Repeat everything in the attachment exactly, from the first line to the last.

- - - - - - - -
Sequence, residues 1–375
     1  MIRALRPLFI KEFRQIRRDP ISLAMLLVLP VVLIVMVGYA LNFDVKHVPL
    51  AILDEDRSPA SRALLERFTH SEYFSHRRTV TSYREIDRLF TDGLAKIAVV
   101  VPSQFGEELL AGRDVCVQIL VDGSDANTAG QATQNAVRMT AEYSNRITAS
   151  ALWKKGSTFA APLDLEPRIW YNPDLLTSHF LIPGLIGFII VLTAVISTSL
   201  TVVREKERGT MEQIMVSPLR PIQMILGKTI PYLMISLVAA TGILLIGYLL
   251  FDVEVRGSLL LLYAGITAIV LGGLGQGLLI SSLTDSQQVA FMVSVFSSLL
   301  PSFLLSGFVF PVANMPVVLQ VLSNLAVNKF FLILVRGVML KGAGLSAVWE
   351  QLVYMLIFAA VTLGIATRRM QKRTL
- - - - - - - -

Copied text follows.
Sequence, residues 1–375
     1  MIRALRPLFI KEFRQIRRDP ISLAMLLVLP VVLIVMVGYA LNFDVKHVPL
    51  AILDEDRSPA SRALLERFTH SEYFSHRRTV TSYREIDRLF TDGLAKIAVV
   101  VPSQFGEELL AGRDVCVQIL VDGSDANTAG QATQNAVRMT AEYSNRITAS
   151  ALWKKGSTFA APLDLEPRIW YNPDLLTSHF LIPGLIGFII VLTAVISTSL
   201  TVVREKERGT MEQIMVSPLR PIQMILGKTI PYLMISLVAA TGILLIGYLL
   251  FDVEVRGSLL LLYAGITAIV LGGLGQGLLI SSLTDSQQVA FMVSVFSSLL
   301  PSFLLSGFVF PVANMPVVLQ VLSNLAVNKF FLILVRGVML KGAGLSAVWE
   351  QLVYMLIFAA VTLGIATRRM QKRTL